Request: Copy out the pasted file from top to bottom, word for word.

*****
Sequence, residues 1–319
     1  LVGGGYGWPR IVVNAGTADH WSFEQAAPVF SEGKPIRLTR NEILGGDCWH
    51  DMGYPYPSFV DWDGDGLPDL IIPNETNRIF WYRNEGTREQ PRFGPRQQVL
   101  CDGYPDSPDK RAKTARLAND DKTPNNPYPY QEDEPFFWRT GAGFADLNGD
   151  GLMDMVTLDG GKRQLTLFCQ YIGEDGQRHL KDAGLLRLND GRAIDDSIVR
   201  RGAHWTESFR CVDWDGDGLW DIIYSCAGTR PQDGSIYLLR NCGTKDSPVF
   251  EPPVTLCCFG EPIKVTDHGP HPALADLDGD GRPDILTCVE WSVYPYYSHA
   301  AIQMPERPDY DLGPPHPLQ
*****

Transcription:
Sequence, residues 1–319
     1  LVGGGYGWPR IVVNAGTADH WSFEQAAPVF SEGKPIRLTR NEILGGDCWH
    51  DMGYPYPSFV DWDGDGLPDL IIPNETNRIF WYRNEGTREQ PRFGPRQQVL
   101  CDGYPDSPDK RAKTARLAND DKTPNNPYPY QEDEPFFWRT GAGFADLNGD
   151  GLMDMVTLDG GKRQLTLFCQ YIGEDGQRHL KDAGLLRLND GRAIDDSIVR
   201  RGAHWTESFR CVDWDGDGLW DIIYSCAGTR PQDGSIYLLR NCGTKDSPVF
   251  EPPVTLCCFG EPIKVTDHGP HPALADLDGD GRPDILTCVE WSVYPYYSHA
   301  AIQMPERPDY DLGPPHPLQ